diabetestalk.net

New Sweetener From The Tequila Plant May Aid Diabetes, Weight Loss

New Sweetener From The Tequila Plant May Aid Diabetes, Weight Loss

New Sweetener From The Tequila Plant May Aid Diabetes, Weight Loss

Could a new sugar substitute actually lower blood sugar and help you lose weight? That's the tantalizing - but distant - promise of new research presented at the American Chemical Society (ACS) this week.
Agavins, derived from the agave plant that's used to make tequila, were found in mouse studies to trigger insulin production and lower blood sugar, as well as help obese mice lose weight.
Unlike sucrose, glucose, and fructose, agavins aren't absorbed by the body, so they can't elevate blood glucose, according to research by Mercedes G. López, a researcher at the Centro de Investigación y de Estudios Avanzados, Biotechnology and Biochemistry Irapuato, in Guanajuato, Mexico.
And by boosting the level of a peptide called GLP-1 (short for glucagon-like peptide-1), which triggers the body's production of insulin, agavins aid the body's natural blood sugar control. Also, because agavins are type of fiber, they can make people feel fuller and reduce appetite, López's research shows.
"We believe that agavins have a great potential as light sweeteners since they are sugars, highly soluble, have a low glycemic index, and a neutral taste, but most important, they are not metabolized by humans," read the study abstract. "This puts agavins in a tremendous position for their consumption by obese and diabetic people."
The caveat: The research was conducted in mice, and more study is necessary before we'll know whether agavins are effective and safe in humans. In other words, we're a long way from agavins appearing on grocery store shelves.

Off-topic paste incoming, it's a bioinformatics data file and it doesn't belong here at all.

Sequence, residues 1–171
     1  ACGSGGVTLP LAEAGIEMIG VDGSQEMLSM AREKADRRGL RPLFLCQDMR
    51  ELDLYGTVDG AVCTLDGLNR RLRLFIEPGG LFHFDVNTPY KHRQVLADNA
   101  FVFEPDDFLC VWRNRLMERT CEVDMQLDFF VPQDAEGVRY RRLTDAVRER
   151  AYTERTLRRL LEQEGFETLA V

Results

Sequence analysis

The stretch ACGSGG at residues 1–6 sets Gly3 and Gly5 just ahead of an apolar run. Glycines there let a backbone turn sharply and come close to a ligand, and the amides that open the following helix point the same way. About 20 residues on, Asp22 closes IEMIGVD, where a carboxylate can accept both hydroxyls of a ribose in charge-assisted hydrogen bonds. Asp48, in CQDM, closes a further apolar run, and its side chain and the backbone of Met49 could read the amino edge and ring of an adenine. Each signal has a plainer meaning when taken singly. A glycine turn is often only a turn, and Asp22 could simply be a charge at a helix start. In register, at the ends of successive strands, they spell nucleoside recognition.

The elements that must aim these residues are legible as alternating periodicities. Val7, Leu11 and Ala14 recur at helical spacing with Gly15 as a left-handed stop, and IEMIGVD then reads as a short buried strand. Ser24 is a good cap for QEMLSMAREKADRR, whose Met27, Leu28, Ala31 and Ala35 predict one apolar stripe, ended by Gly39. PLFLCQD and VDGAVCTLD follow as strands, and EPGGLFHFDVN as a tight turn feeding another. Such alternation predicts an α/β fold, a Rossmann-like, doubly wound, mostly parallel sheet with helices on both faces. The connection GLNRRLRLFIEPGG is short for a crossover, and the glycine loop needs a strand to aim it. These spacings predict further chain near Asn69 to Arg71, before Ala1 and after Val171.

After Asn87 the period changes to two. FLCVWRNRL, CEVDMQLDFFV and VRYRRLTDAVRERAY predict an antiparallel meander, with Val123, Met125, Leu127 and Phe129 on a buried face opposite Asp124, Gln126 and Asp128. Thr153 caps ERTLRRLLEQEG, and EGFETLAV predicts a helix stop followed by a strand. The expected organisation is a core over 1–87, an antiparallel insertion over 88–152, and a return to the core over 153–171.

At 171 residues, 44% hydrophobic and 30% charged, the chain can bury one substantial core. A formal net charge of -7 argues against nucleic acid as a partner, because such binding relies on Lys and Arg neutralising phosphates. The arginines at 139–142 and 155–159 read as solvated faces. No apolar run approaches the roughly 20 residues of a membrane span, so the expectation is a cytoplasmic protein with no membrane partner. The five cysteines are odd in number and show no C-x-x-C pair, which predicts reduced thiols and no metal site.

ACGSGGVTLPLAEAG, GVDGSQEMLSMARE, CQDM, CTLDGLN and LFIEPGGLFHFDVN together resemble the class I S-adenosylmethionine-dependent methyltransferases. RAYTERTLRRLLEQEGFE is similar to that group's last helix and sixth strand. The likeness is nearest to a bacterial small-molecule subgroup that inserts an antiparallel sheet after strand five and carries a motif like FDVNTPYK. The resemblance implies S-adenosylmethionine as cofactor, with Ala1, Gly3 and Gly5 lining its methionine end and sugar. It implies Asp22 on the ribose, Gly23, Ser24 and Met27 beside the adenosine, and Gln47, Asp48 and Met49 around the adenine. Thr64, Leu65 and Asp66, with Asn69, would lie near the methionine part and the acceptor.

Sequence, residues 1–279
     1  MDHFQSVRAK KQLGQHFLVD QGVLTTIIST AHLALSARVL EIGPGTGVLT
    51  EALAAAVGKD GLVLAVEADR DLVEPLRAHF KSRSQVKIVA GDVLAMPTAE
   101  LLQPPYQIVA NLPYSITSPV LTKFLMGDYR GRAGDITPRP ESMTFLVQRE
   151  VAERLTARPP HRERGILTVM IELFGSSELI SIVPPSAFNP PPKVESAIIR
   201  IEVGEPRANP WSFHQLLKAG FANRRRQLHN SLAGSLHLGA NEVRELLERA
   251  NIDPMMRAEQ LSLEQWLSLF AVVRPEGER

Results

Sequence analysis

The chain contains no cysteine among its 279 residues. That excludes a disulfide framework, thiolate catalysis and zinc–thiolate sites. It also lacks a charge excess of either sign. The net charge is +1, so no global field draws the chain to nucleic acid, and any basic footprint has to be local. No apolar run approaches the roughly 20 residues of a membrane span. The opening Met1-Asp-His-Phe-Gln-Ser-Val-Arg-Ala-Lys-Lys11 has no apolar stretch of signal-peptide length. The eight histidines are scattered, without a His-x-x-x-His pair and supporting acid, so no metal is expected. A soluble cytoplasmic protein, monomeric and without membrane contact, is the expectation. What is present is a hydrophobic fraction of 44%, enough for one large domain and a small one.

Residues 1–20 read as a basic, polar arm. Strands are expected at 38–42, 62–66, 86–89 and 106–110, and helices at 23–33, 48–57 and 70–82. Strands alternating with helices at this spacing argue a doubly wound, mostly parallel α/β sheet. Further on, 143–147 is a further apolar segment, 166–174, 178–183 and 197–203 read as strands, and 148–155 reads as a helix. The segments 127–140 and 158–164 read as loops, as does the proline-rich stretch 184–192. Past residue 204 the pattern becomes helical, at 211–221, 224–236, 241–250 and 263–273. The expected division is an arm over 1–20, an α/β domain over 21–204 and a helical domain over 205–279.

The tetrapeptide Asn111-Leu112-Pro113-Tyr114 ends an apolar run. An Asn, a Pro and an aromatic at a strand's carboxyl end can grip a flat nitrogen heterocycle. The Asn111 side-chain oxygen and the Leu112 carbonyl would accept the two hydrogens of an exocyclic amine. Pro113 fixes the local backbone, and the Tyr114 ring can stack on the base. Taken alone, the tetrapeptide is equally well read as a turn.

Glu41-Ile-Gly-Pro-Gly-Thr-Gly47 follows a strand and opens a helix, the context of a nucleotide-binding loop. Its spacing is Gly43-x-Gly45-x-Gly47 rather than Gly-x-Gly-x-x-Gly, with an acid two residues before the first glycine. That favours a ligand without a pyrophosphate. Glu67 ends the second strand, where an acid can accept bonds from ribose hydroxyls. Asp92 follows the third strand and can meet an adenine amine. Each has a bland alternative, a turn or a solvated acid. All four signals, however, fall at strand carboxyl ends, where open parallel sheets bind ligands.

That said, with almost 26 millions of America Continue reading

Rate this article
Total 1 ratings
Sugars found in tequila may protect against obesity, diabetes

Sugars found in tequila may protect against obesity, diabetes

Tequila shots may do more than lighten the mood at a party; the drink may be beneficial for your health as well.
According to researchers from Mexico, natural sugars derived from the agave plant, called agavins, greatly protected a group of mice against diet-induced obesity and type 2 diabetes, MedPage Today reported.
In a new study presented at the American Chemical Society (ACS) annual meeting in Dallas, mice were distributed into seven groups. One group received a diet of plain water, while the other groups received water supplemented with either aspartame, glucose, fructose, sucrose, agave syrup or agavins.
The mice that consumed agavins showed a reduction in food intake and weight and a decrease in blood glucose levels. These findings were similar to the control group that received standard water.
Because agavins act as dietary fibers and do not raise blood sugar, the researchers believe the ingredient could be used as an alternative sweetening agent.